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particularly acceptable. But about the second year of his apprenticeship he had the misfortune to burst a blood-vęssel, which confined him to his bed for many weeks, during which time, as conversation was prohibited, reading and playing at chess was his only refuge; so, to the romances and poetry, which he chiefly delighted'in, he added the study of history, especially as connected with military events, which furnished him with those materials that he ultimately made available for his future compositions. After this illness he enjoyed a state of most robust health; and as his frame gradually became hardened, he was rather disfigured than disabled by his lameness. Excursions on foot or horseback now formed Scott's favourite amusement; and wood, water, and wilderness, had inexpressible charms for him. Show him but an old castle, or a field of battle, and he immediately filled it with its combatants in their proper costume, and overwhelmed his hearers by the enthusiasm of his description. Like Dr. Johnson, Scott had no ear for mere music; the notes failed to charm him if unaccompanied by good words, or immediately associated with some history or strong sentiment upon which his imagination could fasten; therefore, however happy others may have been in forming an union between his poetry and their music, Scott was rot usually successful in composing words to a set tune.

In 1791, Scott was admitted a member of the Speculative Society of Edinburgh;* and very shortly afterwards was appointed its librarian, and subsequently, its treasurer and secretary.

The time of Scott's apprenticeship had now elapsed; and, after some consideration, he determined to prepare himself for the bar, for which purpose he diligently applied his mind to the study of the Roman civil law, as well as to the municipal law of Scotland. On the 10th of July, 1792, when just on the point of completing his twenty-first year, he was called to the bar as an advocate, and enabled, by the affluence of his father, to begin life in an elegant house in a fashionable part of the town; but it was not his lot to acquire wealth or distinction at the bar. The truth is, his mind was not yet emancipated from that enthusiastic pursuit of knowledge which had distinguished his youth. His necessities were not so great as to make an exclusive appli

* One of those literary societies which are formed not merely for ornamental display, but for the more beneficial purpose of composition.

cation to his profession imperative; and he therefore seemed destined to join what a sarcastic barrister has termed, “the ranks of the gentlemen who are not anxious for business." Although he could speak readily and fluently at the bar, his intellect was not at all of a forensic cast. He appeared to be too much of the abstract and unworldly scholar, to assume readily the habits of an adroit pleader; and, even although he had been perfectly competent to the duties, it is a question if his external aspect and general reputation would have permitted the generality of agents to intrust them to his hands.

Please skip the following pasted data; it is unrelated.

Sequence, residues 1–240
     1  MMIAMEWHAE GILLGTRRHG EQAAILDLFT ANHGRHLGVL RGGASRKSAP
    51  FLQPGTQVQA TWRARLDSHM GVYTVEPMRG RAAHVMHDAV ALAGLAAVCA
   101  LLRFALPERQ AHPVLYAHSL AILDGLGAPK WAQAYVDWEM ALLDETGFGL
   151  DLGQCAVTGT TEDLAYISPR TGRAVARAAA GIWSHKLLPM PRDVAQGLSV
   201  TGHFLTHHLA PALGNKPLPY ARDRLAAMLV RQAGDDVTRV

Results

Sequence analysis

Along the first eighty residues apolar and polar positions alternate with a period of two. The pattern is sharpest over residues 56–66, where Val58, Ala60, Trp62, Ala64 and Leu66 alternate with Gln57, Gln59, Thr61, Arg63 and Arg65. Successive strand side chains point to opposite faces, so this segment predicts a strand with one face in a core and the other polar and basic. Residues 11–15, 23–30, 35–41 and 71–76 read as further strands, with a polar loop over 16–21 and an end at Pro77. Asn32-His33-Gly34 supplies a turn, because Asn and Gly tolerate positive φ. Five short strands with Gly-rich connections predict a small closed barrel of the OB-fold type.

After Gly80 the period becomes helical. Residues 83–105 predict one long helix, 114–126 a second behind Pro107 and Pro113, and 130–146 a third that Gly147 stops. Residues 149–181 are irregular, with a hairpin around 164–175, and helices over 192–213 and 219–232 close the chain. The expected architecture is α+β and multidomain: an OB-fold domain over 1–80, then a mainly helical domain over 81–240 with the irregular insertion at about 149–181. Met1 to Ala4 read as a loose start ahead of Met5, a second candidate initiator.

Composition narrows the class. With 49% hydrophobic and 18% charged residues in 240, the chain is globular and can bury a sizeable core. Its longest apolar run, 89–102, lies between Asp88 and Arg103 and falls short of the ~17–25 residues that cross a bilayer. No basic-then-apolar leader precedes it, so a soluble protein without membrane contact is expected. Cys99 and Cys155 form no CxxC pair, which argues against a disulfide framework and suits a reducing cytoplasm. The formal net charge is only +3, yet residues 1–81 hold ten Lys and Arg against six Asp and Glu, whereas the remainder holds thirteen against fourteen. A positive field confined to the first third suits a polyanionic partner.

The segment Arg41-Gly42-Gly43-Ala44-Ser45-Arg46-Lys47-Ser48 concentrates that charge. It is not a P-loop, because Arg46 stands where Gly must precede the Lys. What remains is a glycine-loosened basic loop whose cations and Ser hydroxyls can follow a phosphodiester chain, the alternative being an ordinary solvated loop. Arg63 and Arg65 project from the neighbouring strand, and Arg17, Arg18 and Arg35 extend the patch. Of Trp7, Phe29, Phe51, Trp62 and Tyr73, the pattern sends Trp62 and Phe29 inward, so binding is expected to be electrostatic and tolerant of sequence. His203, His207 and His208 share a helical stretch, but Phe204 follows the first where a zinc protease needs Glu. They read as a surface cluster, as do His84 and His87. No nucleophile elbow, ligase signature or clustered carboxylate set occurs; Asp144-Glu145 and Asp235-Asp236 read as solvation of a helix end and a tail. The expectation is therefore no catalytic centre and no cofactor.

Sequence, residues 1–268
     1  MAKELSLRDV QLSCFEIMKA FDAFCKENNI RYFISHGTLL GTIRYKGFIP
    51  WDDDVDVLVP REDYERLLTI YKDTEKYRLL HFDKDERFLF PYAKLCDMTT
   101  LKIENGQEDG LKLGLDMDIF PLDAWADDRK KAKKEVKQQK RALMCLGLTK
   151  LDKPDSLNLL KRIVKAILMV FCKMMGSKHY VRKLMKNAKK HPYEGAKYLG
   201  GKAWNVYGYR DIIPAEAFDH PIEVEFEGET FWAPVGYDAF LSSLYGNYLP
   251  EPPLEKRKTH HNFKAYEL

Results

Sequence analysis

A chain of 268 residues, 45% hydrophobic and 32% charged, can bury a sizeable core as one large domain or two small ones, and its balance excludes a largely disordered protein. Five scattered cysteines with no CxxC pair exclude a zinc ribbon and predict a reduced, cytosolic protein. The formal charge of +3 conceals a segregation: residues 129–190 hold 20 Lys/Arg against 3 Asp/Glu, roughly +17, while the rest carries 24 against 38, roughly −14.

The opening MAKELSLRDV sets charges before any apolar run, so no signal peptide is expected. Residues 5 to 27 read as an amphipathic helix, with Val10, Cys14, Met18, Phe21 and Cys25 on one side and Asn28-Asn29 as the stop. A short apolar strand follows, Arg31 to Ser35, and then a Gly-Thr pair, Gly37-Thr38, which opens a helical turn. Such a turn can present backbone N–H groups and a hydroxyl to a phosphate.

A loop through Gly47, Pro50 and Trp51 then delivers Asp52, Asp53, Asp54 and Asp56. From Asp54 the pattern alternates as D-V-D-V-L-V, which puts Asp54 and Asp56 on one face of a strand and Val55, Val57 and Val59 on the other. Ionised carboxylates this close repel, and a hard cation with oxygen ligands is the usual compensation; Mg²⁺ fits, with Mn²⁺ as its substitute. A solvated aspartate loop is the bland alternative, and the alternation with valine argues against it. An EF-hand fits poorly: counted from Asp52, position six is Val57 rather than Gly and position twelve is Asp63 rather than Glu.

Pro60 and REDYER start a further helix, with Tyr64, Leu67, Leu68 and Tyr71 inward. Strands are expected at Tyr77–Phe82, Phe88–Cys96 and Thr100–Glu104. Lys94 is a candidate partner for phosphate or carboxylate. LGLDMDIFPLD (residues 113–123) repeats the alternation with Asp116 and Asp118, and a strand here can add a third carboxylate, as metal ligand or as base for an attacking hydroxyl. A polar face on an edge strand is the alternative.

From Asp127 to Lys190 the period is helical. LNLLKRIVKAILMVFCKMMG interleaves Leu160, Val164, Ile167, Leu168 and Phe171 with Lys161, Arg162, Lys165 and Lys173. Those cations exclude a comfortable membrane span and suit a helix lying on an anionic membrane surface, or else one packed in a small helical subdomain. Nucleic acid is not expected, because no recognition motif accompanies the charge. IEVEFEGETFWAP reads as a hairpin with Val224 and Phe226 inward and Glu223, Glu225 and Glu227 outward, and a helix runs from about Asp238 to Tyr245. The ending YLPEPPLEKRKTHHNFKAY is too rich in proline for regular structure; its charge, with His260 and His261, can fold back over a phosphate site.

In 1796, he presented the world with a translation from the German of Bürger's Leonara, and the Wild Huntsman; which were favourably received by his immediate connexions. It is worthy of remark, that in this same year Scotland was deprived of Robert Burns,"her glory and her shame,"_“A poor man from his birth, and an exciseman from necessity."

At the time when Sir Walter entered public life, almost all the respectable part of the community were indignant at the hostile menaces of France, and numerous bodies of volunteer militia were consequently formed to meet the threatened invasion. In the beginning of 1799, the gentlemen of Mid-Lothian imitated the example, by imbodying themselves in a cavalry corps, under the name of the Royal Mid-Lothian Regiment of Cavalry; and Mr. Walter Scott had the honour to be appointed its adjutant, for which office his lameness was considered no bar. He was a very zealous officer, and highly popular in the regiment, on account of his extreme good-humour and powers of social entertain


It was during a visit to the English lakes, that Scott became 'acquainted with Miss Margaret Carpenter, a daughter of John Carpenter, Esq., of the city of Lyons: a gentleman who had fallen a victim to the excesses of the French revolution. This lady: (after obtaining the consent of her guardian) he married on Christmas eve, 1797, and with her came an annuity of £400 a-year. The affection and conjugal tenderness of Mrs. Scott contributed considerably to the happiness of the poet's life. Lady Scott died May 15, 1826, leaving two sons and two daughters. The elder son (now Sir Walter Scott) is an officer in the army, and Charles Scott is attached to a government office. The elder daughter (Sophia) married J. G. Lockhart, Esq., a gentleman of first-rate literary talents. This accomplished